Wed, Jun 17, 2009 GWF Massachusetts

This is not a good move on Microsoft's part. I develop applications in Visual Studio and want to be as implementation platform "agnostic" as possible while keeping the "toolbox" Microsoft-centric. I have not found the Oracle data provider to be as consistently reliable as OracleClient.

Wed, Jun 17, 2009 kiran

some body not using sqlserver provider so now onwards every body using sql native provider

Wed, Jun 17, 2009 MSBassSinger Waleska, GA USA

Another bad move by MS. The old MS would have simply made the ODP for .NET better. One of the most quoted, and in the last few years, so often proven, complaints about MS is that they will abandon something developers used. This problem stems from the same problem that has made MS go downhill the past several years - an increase in non-American development and management staff. Americans are what made MS great, and non-Americans are dragging them down to 2nd rate status.

Wed, Jun 17, 2009 Ivan Karobka MA

Oracle market is srinkig rapidly, so who cares. I don't.

Wed, Jun 17, 2009

The "only" problem is having to install at least a 200Mb ODP pack just to connect to the database. Plus the DLL version hell! I was hoping for a real managed driver :(

Wed, Jun 17, 2009 Ravi Santlani Birmingham, U.K.

I think this decision is quiet good... everyone should develop their own technology... we already have Oracle Data Provider for .NET, which is much better than MS who will us eit anyways, except newbies.... Microsoft took wise step in recesion time by doing only things that generate gud revenues....

Wed, Jun 17, 2009 Mr. Special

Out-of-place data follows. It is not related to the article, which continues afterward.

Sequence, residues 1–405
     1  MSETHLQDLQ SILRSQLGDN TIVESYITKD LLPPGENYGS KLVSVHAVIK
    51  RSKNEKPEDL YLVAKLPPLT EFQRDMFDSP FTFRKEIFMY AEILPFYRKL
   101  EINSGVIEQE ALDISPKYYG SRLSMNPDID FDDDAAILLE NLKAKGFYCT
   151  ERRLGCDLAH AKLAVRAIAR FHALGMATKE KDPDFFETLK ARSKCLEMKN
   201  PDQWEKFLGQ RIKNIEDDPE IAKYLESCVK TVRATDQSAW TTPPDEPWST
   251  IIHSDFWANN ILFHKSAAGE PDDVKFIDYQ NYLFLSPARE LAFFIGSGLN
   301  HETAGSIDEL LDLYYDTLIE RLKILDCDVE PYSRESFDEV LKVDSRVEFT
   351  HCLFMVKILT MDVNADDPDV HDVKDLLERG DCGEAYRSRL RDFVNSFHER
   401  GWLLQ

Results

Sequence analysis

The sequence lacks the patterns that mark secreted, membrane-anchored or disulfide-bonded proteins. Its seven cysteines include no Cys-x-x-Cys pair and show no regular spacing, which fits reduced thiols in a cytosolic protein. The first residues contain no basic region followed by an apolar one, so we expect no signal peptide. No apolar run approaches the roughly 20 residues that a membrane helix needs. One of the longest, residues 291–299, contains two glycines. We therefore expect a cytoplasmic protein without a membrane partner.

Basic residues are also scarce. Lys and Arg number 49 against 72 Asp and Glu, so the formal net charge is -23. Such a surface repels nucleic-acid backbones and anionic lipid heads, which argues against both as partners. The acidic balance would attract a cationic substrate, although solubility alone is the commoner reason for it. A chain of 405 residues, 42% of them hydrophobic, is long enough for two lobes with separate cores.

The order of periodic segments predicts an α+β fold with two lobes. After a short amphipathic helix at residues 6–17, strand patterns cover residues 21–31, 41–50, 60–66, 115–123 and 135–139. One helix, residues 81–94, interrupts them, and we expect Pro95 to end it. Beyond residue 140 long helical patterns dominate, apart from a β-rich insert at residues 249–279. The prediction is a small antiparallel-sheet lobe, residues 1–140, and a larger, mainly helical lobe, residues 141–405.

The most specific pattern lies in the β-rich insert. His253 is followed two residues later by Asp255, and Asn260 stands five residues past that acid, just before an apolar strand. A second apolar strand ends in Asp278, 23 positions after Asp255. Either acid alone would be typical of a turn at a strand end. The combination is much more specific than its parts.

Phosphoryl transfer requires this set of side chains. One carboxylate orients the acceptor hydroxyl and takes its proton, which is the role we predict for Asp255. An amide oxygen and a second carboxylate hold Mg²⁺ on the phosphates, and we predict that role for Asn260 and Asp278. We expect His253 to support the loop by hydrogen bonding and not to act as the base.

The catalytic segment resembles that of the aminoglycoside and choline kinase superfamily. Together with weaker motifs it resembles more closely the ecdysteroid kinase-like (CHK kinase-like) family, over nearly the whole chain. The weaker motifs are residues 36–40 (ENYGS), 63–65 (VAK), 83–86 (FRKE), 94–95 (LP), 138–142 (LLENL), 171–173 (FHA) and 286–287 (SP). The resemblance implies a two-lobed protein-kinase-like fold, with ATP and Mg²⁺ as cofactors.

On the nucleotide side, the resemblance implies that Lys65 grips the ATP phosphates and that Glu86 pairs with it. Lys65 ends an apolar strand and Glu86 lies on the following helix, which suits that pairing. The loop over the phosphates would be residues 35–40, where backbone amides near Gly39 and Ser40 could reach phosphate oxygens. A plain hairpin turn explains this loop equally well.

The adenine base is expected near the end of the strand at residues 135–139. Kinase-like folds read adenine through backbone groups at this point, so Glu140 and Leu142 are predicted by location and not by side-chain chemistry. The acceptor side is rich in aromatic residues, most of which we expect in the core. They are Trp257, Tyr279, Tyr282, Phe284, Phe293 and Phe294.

this is the silly step taken by MS. they just wan to create monopoly but they should know that still ORACLE is no.1 in enterprise s/w and comes after MS in overall s/w. So, neglecting support for ODP.Net will make them suffer a lot.

Wed, Jun 17, 2009 Serbia

I think it's a perfectly normal step; everyone should develop their own technology...

Wed, Jun 17, 2009

MS will be the king of the ring..

Wed, Jun 17, 2009 Budha Singh India

Microsoft should not do this. Nowadays monopoly business is risky.

Tue, Jun 16, 2009 Terry Van Horn OHIO

I don't use oracle so who cares

Tue, Jun 16, 2009 vmladenov

You always could use Oracle Data Provider for .NET. It's much better than Microsoft one.

Tue, Jun 16, 2009 jack

fairly understandable. it would be quite silly to spend so much over compatibility for compatitor's technology which may change anytime making it quite exausting for developers at MS to cope with.

Tue, Jun 16, 2009 Monster Magnet

Microsoft kills its .NET. -uoops

Tue, Jun 16, 2009 Monster Magnet

Hopefully Microsoft will die soon.

Tue, Jun 16, 2009 Dallas Sydney

In the land far, far, away - Australia, I have notice a significant move away from Oracle database, even from the very conservative customers such as the State and Federal Governments. Personally I thank Google who have shown that the very large databases are MySQL and free. What do you get for over a million dollars from Oracle?

Tue, Jun 16, 2009

Hopefully Oracle and Sun will die soon.

Tue, Jun 16, 2009 Mortaza Doulaty

I think this decision is quiet good...

Tue, Jun 16, 2009

No, it isn't. When vendor support is quite good, MS can concentrate on other pressing issues and potentials. This should encourage vendors with their image, in being good with their support, from the halo of being "recommended" by MS.

Tue, Jun 16, 2009 Olympia, WA

So it has started. Watch while MS slowly drives everybody out of ITS market.

Tue, Jun 16, 2009

It doesn't take long for developers to realize that Microsoft's Oracle interfaces (e.g. their OLEDB provider and ADO.Net classes) were fairly crippled... Oracle has always provided extensive documentation and samples, in addition to full downloads of all of their products with development licenses. Their developer support, IMO, surpasses Microsoft's these days.

Tue, Jun 16, 2009,_extend_and_extinguish But will it work on Oracle?